Board games are a form of fun and entertainment that has been around since ancient times. They bring families and friends together, challenging them to think critically, practice problem-solving skills, and engage in friendly competition with one another. While board games have certainly evolved over the years with newer titles introducing innovative concepts and technologies, the classic board game format remains popular among many households”especially those who include teenagers.
When it comes to good board games for families with teenagers, there are a variety of exciting options available that can provide hours of entertainment for everyone involved. Games such as Pandemic Legacy Season 2, Codenames Duet XXL, Betrayal Legacy, Carcassonne Big Box 5 and Exploding Kittens are all great choices that offer interesting mechanics and an age appropriate level of challenge. Of course, more traditional games such as Diplomacy and Monopoly may also be suitable depending on who is playing. No matter what kind of game players prefer, it’s important to find something that works best for the whole family. Teenagers who enjoy playing video games might even find a few titles they recognize in board game form!
Board games are a great way to bring the family together and offer quality time. Not only do they often help promote conversation and allow everyone in the family to take part, but they also bring a sense of competition and fun. They can be a great way to break up the sometimes monotonous routine of everyday tasks and life.
In order for board games to work best for families with teenagers, it is important that each teenager is actively engaged by asking them for their opinions and suggestions when deciding on the game. It may also be beneficial to grab a couple of different games so that everyone can choose one or two that appeal most to them. Games such as Monopoly or Settlers of Catan can make for an involved game with many conversations as players collaborate together. Playing card games such as Set or Uno can be less intimidating yet still provide an avenue for strategic thinking and even some good-natured trash talking!
It is important to create a positive environment by encouraging everyone to participate freely in the game without judgement or worrying about making mistakes. Instead, focus on enjoying each other’s company while connecting through shared experiences while playing the game. Ideally, this will translate into conversations beyond just strategy here-and-there during play but blossoming into meaningful discussions about all aspects of life – past, present, future – offering newfound appreciation between family members at all stages of life despite being generations apart.
Types of Board Games
Strategy Board Games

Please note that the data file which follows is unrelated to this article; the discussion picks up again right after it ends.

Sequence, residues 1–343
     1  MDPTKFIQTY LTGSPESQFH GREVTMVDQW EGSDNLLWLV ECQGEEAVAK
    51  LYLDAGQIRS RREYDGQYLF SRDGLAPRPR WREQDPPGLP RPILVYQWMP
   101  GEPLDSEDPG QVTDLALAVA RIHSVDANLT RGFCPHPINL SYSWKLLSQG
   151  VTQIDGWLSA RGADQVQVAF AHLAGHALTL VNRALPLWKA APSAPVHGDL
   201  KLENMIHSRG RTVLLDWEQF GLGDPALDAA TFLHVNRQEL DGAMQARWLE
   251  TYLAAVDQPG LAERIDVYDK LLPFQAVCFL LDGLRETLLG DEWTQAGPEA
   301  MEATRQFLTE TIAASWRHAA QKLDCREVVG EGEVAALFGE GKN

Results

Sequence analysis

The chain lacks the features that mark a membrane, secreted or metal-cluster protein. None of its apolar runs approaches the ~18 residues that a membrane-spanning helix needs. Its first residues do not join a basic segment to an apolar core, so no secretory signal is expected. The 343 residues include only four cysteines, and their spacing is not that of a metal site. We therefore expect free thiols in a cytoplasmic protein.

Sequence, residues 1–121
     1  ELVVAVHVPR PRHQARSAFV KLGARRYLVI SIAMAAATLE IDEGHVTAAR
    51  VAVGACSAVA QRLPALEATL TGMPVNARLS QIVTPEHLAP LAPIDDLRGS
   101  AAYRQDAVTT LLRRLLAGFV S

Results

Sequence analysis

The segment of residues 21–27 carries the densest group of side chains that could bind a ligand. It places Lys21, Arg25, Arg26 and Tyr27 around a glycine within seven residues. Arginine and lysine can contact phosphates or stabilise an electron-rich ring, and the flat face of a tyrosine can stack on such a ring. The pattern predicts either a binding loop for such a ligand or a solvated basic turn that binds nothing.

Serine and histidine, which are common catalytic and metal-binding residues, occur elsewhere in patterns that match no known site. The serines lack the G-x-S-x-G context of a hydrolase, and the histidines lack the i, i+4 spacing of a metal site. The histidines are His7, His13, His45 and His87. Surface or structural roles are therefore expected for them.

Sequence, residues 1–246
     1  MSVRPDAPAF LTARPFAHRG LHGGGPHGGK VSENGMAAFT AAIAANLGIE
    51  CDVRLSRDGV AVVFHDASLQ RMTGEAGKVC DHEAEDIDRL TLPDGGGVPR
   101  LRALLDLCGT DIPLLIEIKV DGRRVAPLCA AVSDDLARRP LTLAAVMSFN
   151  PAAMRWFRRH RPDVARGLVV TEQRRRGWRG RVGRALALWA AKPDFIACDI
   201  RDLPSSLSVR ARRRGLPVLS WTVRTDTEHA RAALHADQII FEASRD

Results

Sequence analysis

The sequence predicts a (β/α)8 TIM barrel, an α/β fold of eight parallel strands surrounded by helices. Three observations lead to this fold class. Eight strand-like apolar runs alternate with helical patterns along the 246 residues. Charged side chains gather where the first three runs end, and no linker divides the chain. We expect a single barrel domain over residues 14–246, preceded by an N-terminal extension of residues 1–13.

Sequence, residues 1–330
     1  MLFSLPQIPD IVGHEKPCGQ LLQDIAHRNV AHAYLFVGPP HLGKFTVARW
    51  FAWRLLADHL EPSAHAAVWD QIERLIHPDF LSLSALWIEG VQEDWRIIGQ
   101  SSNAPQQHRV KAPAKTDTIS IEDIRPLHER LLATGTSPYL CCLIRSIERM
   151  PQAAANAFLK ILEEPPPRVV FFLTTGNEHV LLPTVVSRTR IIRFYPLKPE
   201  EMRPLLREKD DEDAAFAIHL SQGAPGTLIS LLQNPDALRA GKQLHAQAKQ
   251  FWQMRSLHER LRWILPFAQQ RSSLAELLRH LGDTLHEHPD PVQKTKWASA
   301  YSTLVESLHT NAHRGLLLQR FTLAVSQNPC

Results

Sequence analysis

Strategy board games challenge players of all ages to develop strategies, solve puzzles, and think ahead. Common type of strategical thinking includes area control and resource management. Popular titles like Catan, Carcassonne and Ticket to Ride are great for families with teenagers as they require strategic planning and quick decision-making. Players learn to forecast their opponents’ decisions and put their plan into actions.
Cooperative Board Games
Cooperative board games are a great way for family members to collaborate together and set goals. Players come together to fight a common enemy or achieve a common goal such as Pandemic or Forbidden Island. These types of games place everyone on the same team, creating a fun group dynamic that can be quite thrilling for all players involved.
Role-Playing Board Games
Role-playing board games put players in character roles where they work together to accomplish missions, solve mysteries or even battle against each other. All roles are fictionally based with unique skills, objectives and obstacles along the way. Popular examples of role-playing board games include Betrayal at House on the Hill, Dungeons & Dragons and Mansions of Madness. These types of games typically require collaboration between different players so it’s a great way to bring parents and teens closer while solving puzzles or working through story elements together.
Trivia Board Games
Trivia board games provides an educational twist that tests player knowledge in various topics such as arts & culture, history, science & nature and more. Examples such as Trivial Pursuit or Scene It offer creative ways for teens (and adults!) to test out their cultural knowledge while providing amusing entertainment for the whole family at home game nights!
1. Catan – Catan is a strategy game where players race to collect resources, such as lumber, brick, ore and wool. Players use these resources to build roads and settlements in order to gain victory points. To play at home with everyday items, each resource could be represented by something different (e.g. paper clips denote lumber, coins denote brick) that family members take turns putting out onto the playing area representing the “island” of Catan.